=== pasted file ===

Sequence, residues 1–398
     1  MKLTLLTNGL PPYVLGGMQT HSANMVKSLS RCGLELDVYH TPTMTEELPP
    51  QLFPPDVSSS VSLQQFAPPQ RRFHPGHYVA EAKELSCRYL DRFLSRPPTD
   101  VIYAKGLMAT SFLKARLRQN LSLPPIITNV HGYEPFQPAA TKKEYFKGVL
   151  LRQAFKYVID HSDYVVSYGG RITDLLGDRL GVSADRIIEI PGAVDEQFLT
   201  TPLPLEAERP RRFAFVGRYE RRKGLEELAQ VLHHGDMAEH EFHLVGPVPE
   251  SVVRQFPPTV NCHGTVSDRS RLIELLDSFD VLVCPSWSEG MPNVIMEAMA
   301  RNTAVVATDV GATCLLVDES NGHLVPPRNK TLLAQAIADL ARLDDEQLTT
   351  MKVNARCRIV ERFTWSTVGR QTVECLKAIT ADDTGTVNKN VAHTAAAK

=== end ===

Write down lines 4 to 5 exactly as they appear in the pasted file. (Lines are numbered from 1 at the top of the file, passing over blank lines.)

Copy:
   101  VIYAKGLMAT SFLKARLRQN LSLPPIITNV HGYEPFQPAA TKKEYFKGVL
   151  LRQAFKYVID HSDYVVSYGG RITDLLGDRL GVSADRIIEI PGAVDEQFLT